“We remove friction from the moment of inspiration to purchase,” is how Ethan Arpi of Instagram summarises the social network’s mission in supporting sellers growth.
How Instagram started
Speaking at Retail Week Live yesterday, Ethan Arpi, shopping product marketing lead of Instagram starts recalling the time when the company was launched.
In 2010, Instagram was introduced when phone cameras weren’t so good so filters served as a way to make images better, and help people express themselves through photography. In 2014, Instagram introduced video to represent an idea of time and sound of someone’s daily journey.
Two years later, they announced stories so people can share ‘stories’ about their lives, which disappear after 24 hours. Last week, Instagram introduced a checkout solution in the US which sees shoppers directly purchasing brands’ products from the platform. Some 22 US businesses are already using the checkout tool including GymShak and Burberry. Instagram are currently testing the new service to roll it out to the UK and globally.
The start of selling on Instagram
When Instagram introduced stickers, it paved a path for retail trading on the platform. The initiative enabled businesses to survey their followers on queries such as ‘ should we invest in this colour, would you like to see more of this product.’ Shoppers were given two options to either vote for ‘yes’ or ‘no.’ This allowed sellers to discover their audiences’ core needs, wants and desires to use this insight to enhance their product offering.
Ethan also says that the shoppable element of Instagram ‘exploded’ when more brands were joining the platform and sparking shopper’s interest in their products. People would discover brands and take screenshots of their products, says Ethan, and also would comment I love this green jacket, where can I get it from?’ and brands kept posting links in the commentary section to their product pages. In a quest to removed the friction from a moment of inspiration to purchase, Instagram started featuring sellers’ product catalogues to enable shoppers to buy merchants’ products in a few clicks. Ethan says that Instagram have added a lot of complexity into their app but made the shopping experience easy.
While Ethan emphasises that Instagram isn’t a retailer or brand but a tech company, they have a lot to offer to the retail businesses. He says Instagram helps sellers acquire new clientele and loyalty. Instagram currently boasts about 1bn of active users, with 52% of consumers are using the platform more than last year, and 31% are expecting to use it even more in the coming year, according to Instagram’s own survey. Some 140m Instagram users are currently interacting with retail brands, with these figures are expected to grow.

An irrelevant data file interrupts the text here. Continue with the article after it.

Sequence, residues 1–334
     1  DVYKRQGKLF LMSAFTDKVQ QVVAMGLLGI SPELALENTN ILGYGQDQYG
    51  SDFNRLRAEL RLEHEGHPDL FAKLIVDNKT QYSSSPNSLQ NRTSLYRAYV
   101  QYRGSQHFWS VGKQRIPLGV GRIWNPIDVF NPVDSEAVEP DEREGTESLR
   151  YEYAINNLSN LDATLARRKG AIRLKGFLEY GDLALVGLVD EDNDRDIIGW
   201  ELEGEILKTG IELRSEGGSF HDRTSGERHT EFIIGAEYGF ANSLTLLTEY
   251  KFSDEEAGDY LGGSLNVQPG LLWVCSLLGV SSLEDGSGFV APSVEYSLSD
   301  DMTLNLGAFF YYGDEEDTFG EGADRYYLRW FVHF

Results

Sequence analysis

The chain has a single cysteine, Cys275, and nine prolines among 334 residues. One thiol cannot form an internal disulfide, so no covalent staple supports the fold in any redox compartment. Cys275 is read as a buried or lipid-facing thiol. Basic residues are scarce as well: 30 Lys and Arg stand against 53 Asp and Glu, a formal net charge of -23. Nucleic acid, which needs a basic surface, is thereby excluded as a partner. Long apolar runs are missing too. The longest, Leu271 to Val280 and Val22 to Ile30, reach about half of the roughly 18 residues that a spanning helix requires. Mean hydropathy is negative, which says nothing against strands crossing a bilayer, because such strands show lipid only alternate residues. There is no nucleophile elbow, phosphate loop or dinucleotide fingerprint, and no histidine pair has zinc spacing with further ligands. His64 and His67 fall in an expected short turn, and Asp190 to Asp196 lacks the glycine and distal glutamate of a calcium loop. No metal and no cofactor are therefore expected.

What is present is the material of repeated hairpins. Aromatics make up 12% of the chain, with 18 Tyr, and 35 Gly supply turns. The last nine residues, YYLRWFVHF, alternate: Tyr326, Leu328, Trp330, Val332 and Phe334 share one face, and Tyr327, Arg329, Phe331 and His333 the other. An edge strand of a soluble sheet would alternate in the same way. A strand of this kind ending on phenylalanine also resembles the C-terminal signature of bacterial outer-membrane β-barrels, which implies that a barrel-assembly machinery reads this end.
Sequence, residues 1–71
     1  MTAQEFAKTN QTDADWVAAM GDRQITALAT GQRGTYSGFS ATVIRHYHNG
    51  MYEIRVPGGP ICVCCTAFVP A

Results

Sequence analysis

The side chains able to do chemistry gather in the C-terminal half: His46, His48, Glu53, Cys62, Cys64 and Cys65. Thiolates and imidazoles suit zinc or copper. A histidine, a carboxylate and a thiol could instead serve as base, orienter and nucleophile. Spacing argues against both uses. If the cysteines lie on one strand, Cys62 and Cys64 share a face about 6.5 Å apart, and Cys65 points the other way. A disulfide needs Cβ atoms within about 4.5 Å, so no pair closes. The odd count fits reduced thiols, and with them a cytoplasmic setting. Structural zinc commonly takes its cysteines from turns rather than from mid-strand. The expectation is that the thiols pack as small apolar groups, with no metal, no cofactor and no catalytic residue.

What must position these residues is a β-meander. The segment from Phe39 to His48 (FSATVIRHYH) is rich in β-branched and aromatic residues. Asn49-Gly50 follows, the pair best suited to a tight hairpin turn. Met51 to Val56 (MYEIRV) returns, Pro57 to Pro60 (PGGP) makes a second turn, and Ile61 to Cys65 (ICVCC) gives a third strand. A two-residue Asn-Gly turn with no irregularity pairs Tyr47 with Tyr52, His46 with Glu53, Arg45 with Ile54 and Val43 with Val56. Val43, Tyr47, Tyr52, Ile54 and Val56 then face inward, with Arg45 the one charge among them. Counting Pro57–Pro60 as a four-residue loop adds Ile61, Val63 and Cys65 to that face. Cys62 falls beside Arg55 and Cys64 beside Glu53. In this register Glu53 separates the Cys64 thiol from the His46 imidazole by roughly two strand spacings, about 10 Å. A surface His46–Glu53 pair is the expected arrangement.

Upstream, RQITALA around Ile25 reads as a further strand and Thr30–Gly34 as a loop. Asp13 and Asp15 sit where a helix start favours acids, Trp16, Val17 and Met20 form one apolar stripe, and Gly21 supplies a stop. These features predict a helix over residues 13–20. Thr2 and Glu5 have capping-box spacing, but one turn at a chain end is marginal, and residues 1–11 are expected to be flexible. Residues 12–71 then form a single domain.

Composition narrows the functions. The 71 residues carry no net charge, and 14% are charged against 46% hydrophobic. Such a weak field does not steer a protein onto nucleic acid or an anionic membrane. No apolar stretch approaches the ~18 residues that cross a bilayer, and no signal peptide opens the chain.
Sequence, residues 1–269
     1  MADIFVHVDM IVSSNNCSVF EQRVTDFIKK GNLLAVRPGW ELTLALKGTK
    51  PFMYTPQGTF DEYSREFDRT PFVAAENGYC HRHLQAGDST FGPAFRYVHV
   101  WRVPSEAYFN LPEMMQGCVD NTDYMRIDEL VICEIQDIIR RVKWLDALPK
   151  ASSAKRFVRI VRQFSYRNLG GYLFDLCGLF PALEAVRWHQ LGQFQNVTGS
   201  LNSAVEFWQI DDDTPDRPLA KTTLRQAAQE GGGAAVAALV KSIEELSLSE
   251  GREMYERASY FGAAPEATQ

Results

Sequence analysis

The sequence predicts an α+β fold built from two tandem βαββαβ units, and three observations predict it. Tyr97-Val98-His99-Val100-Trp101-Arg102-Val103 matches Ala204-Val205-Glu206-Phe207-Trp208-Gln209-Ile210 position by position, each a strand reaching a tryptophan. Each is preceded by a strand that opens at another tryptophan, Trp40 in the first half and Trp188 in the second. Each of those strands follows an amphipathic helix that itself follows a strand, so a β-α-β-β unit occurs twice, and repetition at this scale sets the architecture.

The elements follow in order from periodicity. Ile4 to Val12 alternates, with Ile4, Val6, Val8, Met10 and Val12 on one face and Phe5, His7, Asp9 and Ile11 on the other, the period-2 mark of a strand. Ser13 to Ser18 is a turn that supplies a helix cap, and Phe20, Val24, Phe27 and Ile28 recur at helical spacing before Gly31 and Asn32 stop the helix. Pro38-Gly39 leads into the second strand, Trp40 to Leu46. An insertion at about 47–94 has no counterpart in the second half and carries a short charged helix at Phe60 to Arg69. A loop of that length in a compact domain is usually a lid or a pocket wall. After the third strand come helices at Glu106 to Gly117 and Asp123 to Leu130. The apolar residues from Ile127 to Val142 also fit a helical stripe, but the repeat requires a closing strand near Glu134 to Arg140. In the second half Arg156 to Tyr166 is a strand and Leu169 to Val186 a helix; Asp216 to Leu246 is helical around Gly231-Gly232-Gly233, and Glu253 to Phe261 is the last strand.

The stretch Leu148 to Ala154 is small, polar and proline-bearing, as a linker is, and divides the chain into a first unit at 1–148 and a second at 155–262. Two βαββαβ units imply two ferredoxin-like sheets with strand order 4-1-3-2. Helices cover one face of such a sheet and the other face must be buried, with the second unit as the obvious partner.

Instagram competitive advantages
With this in mind, Ethan carries on counting many competitive advantages of Instagram for businesses. He says one of them is that Instagram aren’t trying to support shopping per se but the experience around shopping. Ecommerce is invested in an idea of accelerating chores as fast as possible, says Ethan, but we’re oppositive – we celebrate the fun of shopping. As Instagram invested in the shopping, the focus sharpened on inspiration and delivering what relevant for a shopper. Consumers can now share a product with their friends on Instagram which works as a recommendation tool for friends and family. This forms part of our mission to bring you closer to people and things you love, says Ethan.
How Instagram supports sellers
When asked about how Instagram supports sellers, he said that the company offers a three-pronged benefits scheme.
1 Simplicity of purchase
First, is the simplicity of purchase. On traditional platforms you have a lot of editorial content accompanied by product catalogue, says Ethan, Instagram displays you a product without unnecessary information. He says that by introducing the checkout, Instagram mitigated the risk of abandoned baskets.
2 Product stories
Instagram gives the ability to tell a product story and bring a brand to live. Consumers can now shop a product via a video feed. This bridged the imagination gap, reassures shoppers and lowers the likelihood of refunds. For instance, they can watch how a certain pair of jeans fit multiple body types. Pointing to an example of Bershka and Converse using videos to show how to style differently trainers according to individuals’ style and mood, he says that this showcases fun shopping. At the same time, Armani is featuring Chinese celebrities in their latest collections to attract the Chinese community. He says that this is particularly attractive to young consumers who want to purchase from shops which reflect their interests and values.
Sellers can now curate their storefront on Instagram in a bid to create a personalised destination for their shoppers. Ethan says that Instagram is a creative pool, where sellers can aquire customers and solidify loyalty.
Learn from others
Finishing up his keynote ‘engaging the mobile shopper,’ he encouraged sellers to follow one another and learn from the best creative practices; whether it’s getting social media influences on board, make-up artists or bloggers – it’s all about engaging and influencing shoppers’ behaviour.